In these uncertain economic times it’s important to be mindful of the potential impact of a redundancy or a possible redundancy on a property settlement. It’s important to fully disclose to your lawyer if you have applied for a redundancy even if it’s after a separation. It may be relevant in the property settlement negotiations.
A redundancy payment received after separation (but before a family law settlement) and applied to a new property is likely to be “added back” into the matrimonial asset pool, so we recommend you finalise your property settlement as soon as possible after a separation.
Sunday, 16 March 2014
Under the Family Law Act a Court may make such order that it considers “proper” for the provision of maintenance. This means that the Court has a discretion both as to whether maintenance should be ordered and, if so, as to how much should be ordered. It is a discretionary power.
Under the Act, a party to a marriage is liable to maintain another party to the extent that the first party is reasonably able to do so and the second party is unable to support him or herself adequately:
a. Due to having care or control of a child of the marriage under the age of 18;
b. Due to age or physical or mental incapacity for appropriate gainful employment; or
c. For any other adequate reason.
Having regard to a list of factors, including:
1. The age and health of the parties;
2. Whether either party has the care or control of a child of the marriage under the age of 18;
3. Commitments of each party necessary to support him or herself and a child that the party has a duty to maintain;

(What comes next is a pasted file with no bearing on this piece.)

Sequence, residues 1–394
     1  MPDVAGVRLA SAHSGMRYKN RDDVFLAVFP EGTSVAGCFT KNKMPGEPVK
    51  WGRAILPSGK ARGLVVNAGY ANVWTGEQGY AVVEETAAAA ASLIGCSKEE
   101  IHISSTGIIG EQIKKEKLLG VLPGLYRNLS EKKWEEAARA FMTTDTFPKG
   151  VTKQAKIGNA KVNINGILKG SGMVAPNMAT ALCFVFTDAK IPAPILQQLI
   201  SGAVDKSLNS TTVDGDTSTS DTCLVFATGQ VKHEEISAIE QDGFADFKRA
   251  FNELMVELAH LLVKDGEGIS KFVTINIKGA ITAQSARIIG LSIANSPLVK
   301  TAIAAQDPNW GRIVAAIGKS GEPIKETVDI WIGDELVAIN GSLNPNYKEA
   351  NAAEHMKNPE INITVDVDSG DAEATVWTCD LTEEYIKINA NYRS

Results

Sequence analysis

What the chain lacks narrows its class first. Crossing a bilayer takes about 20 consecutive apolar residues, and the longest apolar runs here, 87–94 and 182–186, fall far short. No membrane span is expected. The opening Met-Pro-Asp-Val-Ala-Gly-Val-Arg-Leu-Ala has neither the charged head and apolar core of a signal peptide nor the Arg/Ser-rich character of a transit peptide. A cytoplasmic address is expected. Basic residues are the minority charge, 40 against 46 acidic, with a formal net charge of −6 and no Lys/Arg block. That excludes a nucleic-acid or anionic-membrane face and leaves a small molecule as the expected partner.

4. A standard of living that in all the circumstances is reasonable;
5. The extent to which the party whose maintenance is under consideration has contributed to the income earning capacity, property and financial resources of the other party; and
6. The duration of the marriage and the extent to which it has affected the earning capacity of the party whose maintenance is under consideration.
Case law provides that the term “adequately” is not a fixed standard. It is not subsistence level. An applicant is not entitled to live at a level of consideration luxury just because the other party is very wealthy. Where possible, both spouses should continue to live after separation at the level that they previously enjoyed.
The Court would assesses "earning capacity". The applicant needs to provide evidence as to the attempts to find employment. The Court may find that the applicant has earning capacity, but it may find that the applicant’s earning capacity is less than the income received. It would then need to assess whether the applicant has the capacity to support him or herself adequately.
When a Court determines capacity to pay maintenance, it will take into account income, property and financial resources of that party. It may be necessary to show that the income of that party does not exceed that part's reasonable expenses in order to show that there is no capacity to pay maintenance. There is no mathematical formula and the Court's power is discretionary.
Please do not hesitate to contact your Nevett Ford representative with any questions about this article or Family law matters.